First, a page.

The commercial trucking business is a billion-dollar industry in the United States. Commercial vehicles are used each day throughout the country to transport goods from one place to another because it is an efficient and cost-effective means of transportation. However, commercial truck accidents result in serious and traumatic injuries. During 2014, commercial truck accidents killed 3,903 people and injured 111,000 people. While most of those fatalities and injuries were occupants of other vehicles, a significant percentage of the victims were occupants of the commercial vehicle.
Who Pays the Drivers Expenses in Commercial Truck Accidents?
For workers’ compensation benefits to apply to commercial truck accidents, the driver must have been operating the vehicle within the “scope of employment.” In other words, the driver must have been performing the tasks assigned to him by his employer. For example, if the crash occurred while the driver was on a side trip to pick up an off-books load to make extra money, workers’ compensation benefits may not apply because the truck driver was not within the scope of employment — he was operating outside of the parameters set by his employer.
However, most commercial truck accidents occur during the normal scope of employment. Therefore, Indiana’s Workers’ Compensation Act would cover the truck driver’s medical bills and some other losses. The driver may be entitled to receive workers’ comp benefits, but he is not entitled to sue the employer for any damages above and beyond the benefits.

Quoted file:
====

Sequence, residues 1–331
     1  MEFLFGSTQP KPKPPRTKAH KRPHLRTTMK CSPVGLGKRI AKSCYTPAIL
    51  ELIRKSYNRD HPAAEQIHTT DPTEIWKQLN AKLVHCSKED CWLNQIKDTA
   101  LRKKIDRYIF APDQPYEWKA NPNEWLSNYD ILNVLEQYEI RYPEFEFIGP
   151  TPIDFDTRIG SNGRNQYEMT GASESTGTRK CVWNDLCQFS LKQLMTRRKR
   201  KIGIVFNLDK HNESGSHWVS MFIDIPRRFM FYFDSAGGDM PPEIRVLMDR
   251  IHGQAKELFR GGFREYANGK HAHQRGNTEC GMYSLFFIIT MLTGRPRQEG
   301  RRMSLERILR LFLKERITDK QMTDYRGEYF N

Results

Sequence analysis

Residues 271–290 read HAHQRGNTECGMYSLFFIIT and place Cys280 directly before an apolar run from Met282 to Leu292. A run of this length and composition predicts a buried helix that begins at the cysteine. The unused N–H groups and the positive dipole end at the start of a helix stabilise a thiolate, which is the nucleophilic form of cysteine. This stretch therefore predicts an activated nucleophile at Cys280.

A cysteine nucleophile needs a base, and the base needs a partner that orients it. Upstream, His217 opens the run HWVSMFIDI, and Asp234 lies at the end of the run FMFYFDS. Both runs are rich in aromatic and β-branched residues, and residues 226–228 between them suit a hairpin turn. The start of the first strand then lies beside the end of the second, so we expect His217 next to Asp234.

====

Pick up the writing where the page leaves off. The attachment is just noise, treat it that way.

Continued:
Third Party Claims in Commercial Truck Accidents
Workers’ comp benefits don’t cover all damages in a work-related accident. Therefore, it is important to hire a Bloomington workers’ comp attorney to investigate the possibility of a third-party claim.
A third-party claim is a personal injury claim against another party who is at-fault or partially at-fault for the accident. For example, if the brakes on the truck were defective, the driver may have a claim against the manufacturer of the brakes and the company who marketed and sold the brakes. Another example would be if a driver turned left in front of the truck causing the collision. The other driver would be at fault for the accident.
In a third-party claim, the driver can receive full compensation for his or her damages, in addition to receiving compensation for pain and suffering. Pain and suffering, lost wages, and other damages can be substantial in commercial truck accidents. Filing a third -party claim can provide the truck driver with substantially more compensation than a workers’ comp claim alone.
The employer could also be liable in some very limited circumstances. Consulting an Indiana workers’ comp lawyer to determine if any other parties are liable for your commercial truck accident is recommended. The truck driver may have one or more claims depending on the liability rules that apply in the case.
Bloomington Attorneys for Commercial Truck Accidents
You may have more than one option if you have been injured in a commercial truck accident. Our attorneys don’t leave any stone unturned. We investigate all causes of action to determine the best way to protect your interests. We want to ensure your rights are protected so call our office for your free legal consultation and case evaluation.
Call The Ken Nunn Law Office at 1-800-CALL-KEN or 1-800-225-5536 to speak with a Bloomington workers’ comp lawyer. You may also reach our office 24 hours a day, 7 days a week through our Live Chat feature.